Human rights group, Amnesty International has asked the Federal Government not to cover up the shooting at the Lekki Toll Gate during the #EndSARS protests but rather bring to justice those involved.
In its latest report published on Wednesday, the rights group released details of the timeline of events from when the protests started on October 20, 2020.
“Amnesty International is again calling on Nigerian authorities to bring to justice those behind the shooting and to protect those who are exercising their right to freedom of assembly,” the report read.
“The organization is still investigating the shooting and the reported removal of bodies of those killed by the military in an attempt to remove evidence.”
The rights group noted that it had been monitoring developments across the country since the #EndSars protest began on October 8.
“What happened at Lekki Toll Gate has all the traits of the Nigerian authorities’ pattern of a cover-up whenever their defence and security forces commit unlawful killings,” the group added.
“One week on, the Nigerian authorities still have many questions to answer: who ordered the use of lethal force on peaceful protesters? Why were CCTV cameras on the scene dismantled in advance? And who ordered electricity being turned off minutes before the military opened fire on protesters?”
According to the Country Director of Amnesty International, Osai Ojigho, “The initial denials of the involvement of soldiers in the shooting was followed by the shameful denial of the loss of lives as a result of the military’s attack against the protests.
“Many people are still missing since the day of the incident, and credible evidence shows that the military prevented ambulances from reaching the severely injured in the aftermath.”
Tracking the military’s movements
The human rights group equally said it tracked the military’s movements before the incident as narrated below:
Amnesty International’s Crisis Response experts investigated and verified social media videos and photographs that confirm the Nigerian security forces were present at the Lekki Toll Gate when the shootings occurred.
At 6:29pm local time in Lagos, two military vehicles were filmed leaving Bonny Camp on videos shared on social media.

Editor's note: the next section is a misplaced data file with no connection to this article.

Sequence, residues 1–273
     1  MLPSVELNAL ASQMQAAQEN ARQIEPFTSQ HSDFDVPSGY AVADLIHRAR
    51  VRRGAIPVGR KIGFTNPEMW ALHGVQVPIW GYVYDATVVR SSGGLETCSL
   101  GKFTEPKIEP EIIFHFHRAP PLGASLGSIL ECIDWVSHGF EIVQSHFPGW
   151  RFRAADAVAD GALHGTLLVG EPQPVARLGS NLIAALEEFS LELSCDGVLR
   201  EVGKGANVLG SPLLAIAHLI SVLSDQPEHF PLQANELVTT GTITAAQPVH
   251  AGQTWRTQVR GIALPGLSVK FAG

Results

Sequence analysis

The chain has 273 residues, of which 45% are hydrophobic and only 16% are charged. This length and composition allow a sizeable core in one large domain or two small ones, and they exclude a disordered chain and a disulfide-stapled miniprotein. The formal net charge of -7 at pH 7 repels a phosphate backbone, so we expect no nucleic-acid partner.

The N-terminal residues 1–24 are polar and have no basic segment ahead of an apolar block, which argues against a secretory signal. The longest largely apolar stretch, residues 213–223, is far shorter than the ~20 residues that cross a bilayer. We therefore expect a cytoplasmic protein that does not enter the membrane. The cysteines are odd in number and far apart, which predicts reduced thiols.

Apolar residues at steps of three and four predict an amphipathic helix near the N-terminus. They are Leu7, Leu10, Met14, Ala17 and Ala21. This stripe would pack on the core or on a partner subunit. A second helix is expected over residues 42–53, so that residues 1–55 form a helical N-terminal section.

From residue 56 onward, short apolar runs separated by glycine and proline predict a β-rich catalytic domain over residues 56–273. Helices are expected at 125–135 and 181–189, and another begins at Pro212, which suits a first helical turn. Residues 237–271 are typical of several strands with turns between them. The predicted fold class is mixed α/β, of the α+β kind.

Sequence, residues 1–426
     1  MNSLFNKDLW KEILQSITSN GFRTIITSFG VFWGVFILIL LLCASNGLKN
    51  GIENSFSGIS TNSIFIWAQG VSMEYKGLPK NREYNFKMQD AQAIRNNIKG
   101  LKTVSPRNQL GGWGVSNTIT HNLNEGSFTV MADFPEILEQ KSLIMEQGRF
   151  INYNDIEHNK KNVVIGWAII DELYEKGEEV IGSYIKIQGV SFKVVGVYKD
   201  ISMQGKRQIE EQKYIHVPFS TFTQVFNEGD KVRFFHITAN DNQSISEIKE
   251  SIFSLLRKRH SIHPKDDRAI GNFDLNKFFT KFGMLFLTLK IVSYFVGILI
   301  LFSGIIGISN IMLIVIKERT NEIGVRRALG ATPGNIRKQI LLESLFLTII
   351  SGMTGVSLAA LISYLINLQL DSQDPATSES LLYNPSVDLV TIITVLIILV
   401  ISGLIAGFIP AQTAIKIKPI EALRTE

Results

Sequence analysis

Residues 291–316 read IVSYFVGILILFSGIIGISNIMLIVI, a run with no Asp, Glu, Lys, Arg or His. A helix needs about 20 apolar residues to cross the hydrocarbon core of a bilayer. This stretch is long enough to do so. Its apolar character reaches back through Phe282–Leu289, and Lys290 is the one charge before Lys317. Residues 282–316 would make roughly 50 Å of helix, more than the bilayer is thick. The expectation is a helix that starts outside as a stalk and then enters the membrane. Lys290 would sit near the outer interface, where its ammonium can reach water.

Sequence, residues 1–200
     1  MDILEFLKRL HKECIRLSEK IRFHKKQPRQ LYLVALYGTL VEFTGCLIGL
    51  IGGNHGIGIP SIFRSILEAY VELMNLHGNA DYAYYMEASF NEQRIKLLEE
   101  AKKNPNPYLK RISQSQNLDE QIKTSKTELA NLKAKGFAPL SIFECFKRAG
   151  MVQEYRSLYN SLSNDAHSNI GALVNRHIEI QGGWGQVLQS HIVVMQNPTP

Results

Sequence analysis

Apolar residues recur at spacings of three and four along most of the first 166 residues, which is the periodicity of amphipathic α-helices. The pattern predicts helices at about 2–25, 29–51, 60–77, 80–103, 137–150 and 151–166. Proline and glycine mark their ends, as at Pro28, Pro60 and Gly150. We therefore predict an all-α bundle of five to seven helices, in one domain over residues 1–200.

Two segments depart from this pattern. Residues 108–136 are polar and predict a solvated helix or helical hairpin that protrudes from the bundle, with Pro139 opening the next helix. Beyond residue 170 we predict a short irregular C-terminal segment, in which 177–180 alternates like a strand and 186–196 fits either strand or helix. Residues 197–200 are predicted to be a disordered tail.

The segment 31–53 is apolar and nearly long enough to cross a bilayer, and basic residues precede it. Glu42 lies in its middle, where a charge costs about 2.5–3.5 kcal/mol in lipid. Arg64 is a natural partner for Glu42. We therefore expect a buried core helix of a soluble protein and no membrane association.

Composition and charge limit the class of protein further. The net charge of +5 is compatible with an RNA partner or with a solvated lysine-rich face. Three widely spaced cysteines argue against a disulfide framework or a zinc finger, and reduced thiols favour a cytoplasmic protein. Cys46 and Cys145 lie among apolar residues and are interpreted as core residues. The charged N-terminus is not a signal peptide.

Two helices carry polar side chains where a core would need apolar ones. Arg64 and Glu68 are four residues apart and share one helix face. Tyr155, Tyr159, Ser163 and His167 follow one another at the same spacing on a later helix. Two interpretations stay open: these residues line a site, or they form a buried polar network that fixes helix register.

Later footage shows four vehicles with flashing lights in a convoy, and they appear to be vehicles used by the Nigerian military and police.
The same vehicles headed east along Ozumba Mbadiwe Avenue – which changes its name to the Lekki-Epe Expressway – in the direction of the Lekki Toll Gate.
On this route, the vehicles pass several international embassies and consulates, including the Japanese Embassy and the Australian High Commission.
Further photographs and footage capture the vehicles arriving at the toll gate, before the peaceful protest is disrupted by men in military uniform and gunfire is heard.
As night time descended, protesters continued to film and share videos of the shootings. Later in the evening, videos of the victims were also shared on social media.
“While the evidence collected by Amnesty International through on-the-ground interviews and open source research points to military involvement in the killings at Lekki Tollgate on October 20, there are still many questions that need answered.
“Speaking to the BBC on October 21, Babajide Olusola Sanwo-Olu, the governor of Lagos said the initial curfew time was 6pm, which got extended to 10pm at the last minute.
“He notes that soldiers were dispatched from a barracks 10 minutes away from Lekki Tollgate, ‘down the same road’ and that gunshots were fired.
“He acknowledges that video footage shows soldiers.
“Who ordered the killings? Why was the light at the tollgate switched off before the attacks on protesters? When will there be accountability for these killings?
“The authorities must answer these questions immediately, end the killing and excessive use of force against peaceful protesters across the country and commit to implementing their demands for police brutality.”